JAPANESE

Fish Farming

Expanding fish farming, safe capture

We want fisheries everywhere to expand their fish farming businesses and commit to safe capture so we can all enjoy a more sustainable planet. Certifications—like our recently-acquired ASC certificate, given to businesses that responsibly source farmed marine products—are a step in the right direction. But we need to do more. Which is why we develop farming technologies that protect natural marine resources and have one of the world’s first egg-to-harvest-raised bluefin tuna farms.

Fish Farming in Japan

A pioneer of stable production (2016)

A pioneer of stable production (2016)

Milestones,
bluefin tuna farming

Milestones

Number of fish farms

Fish farms

Reel Stories

A 30-year journey to save bluefin tuna

In 1987, Maruha Nichiro began research into 100% egg-to-harvest, farm-raised bluefin tuna. Tuna farming had always been done by catching young tuna in the wild, raising, and breeding them. However, this method cuts off a new generation of tuna by preventing them from breeding in their natural environment. At the same time, marine resources were getting smaller and tuna farming regulations were tightening. Something had to be done.

Nothing is more important to Maruha Nichiro than the health and longevity of the ocean and its resources―so we set out relieve the burden tuna farming put on the environment with a completely new, sustainable method of tuna farming: egg-to-harvest.

At this time, egg-to-harvest farming was still a theory. It was a lofty goal: to successfully recreate the natural breeding cycle of tuna in a closed environment. Egg-to-harvest was about tuna farming―without wild capture. We had high hopes until we learned how complex and sensitive bluefin tuna are. Getting them to breed eluded our scientists.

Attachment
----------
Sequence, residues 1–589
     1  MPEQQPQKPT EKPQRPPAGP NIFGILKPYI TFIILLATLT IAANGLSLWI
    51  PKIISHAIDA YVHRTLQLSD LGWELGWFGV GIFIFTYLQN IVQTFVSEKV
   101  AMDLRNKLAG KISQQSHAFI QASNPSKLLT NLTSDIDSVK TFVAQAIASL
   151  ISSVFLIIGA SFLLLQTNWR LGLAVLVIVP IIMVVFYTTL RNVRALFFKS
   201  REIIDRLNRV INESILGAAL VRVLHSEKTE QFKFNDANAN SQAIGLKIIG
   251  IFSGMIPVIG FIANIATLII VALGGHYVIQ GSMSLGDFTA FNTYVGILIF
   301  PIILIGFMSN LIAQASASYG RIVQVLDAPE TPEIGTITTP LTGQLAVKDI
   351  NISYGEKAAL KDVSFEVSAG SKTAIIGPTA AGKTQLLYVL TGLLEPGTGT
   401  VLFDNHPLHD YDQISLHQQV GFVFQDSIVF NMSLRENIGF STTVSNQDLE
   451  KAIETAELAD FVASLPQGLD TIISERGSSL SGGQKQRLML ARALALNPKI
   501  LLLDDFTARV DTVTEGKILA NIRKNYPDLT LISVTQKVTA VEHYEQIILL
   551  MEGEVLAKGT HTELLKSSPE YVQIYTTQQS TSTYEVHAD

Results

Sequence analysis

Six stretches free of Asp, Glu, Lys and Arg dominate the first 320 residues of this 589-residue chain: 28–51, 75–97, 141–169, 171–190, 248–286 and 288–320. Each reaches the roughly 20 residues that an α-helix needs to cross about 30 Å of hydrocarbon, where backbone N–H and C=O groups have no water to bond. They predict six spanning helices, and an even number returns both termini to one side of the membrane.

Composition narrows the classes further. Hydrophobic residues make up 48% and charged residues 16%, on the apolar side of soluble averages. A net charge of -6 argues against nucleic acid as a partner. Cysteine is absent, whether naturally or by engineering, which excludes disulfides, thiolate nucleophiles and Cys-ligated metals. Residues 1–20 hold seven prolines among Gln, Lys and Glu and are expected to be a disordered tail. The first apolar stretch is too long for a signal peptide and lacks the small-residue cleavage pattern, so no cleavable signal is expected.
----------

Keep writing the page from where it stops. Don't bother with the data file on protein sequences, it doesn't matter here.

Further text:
But that certainly was not the end of egg-to-harvest farming. Some time passed, and technology got better. But bluefin tuna were in trouble. The demand to achieve a sustainable egg-to-harvest life cycle for bluefin tuna grew exponentially.

Fish farms

In 2006, Maruha Nichiro tried again, with renewed confidence. This time we enlisted the help of six universities, which were entrusted with the baseline study. Two fish farms in Amami Oshima were chosen for egg-to-harvest trials because of their expertise in raising young sea bream, and their calming locations on a bay facing the Pacific Ocean.

Trials were underway. For the first few years, most of the time was spent on learning everything there was to know about the biology of young tuna. The research came to a standstill in the past because young tuna did not eat an artificial diet like other fish. On top of that, young tuna could not be observed in their natural habitat. So we had many trial and error experiments in the hopes that we could replicate an environment we couldn’t see.

“Young tuna fish are delicate, so we fussed over vibrations, sounds and light every day. Even then, we found many had died in the morning. We didn’t quite know why and it took a long time to pinpoint the problem.”

After compiling the results of our experiments and various research reports, we eventually discovered an environment suitable for the young tuna to live and breed.

The success was a ray of light. In 2014, it inspired us to scale up to a second egg hatching facility and to create a distribution system that made it possible to raise and move tuna without significant loss. Now we could raise egg-to-harvest tuna in distant farms, outside Amami.

In 2016, we achieved the first full-scale commercial shipping of egg-to-harvest tuna. But there are still challenges ahead. Our goal is to make our egg-to-harvest tuna surpass wild capture tuna in growth, survival rate, and taste.

Panorama of a fish farm in Amami Oshima
Spawning behavior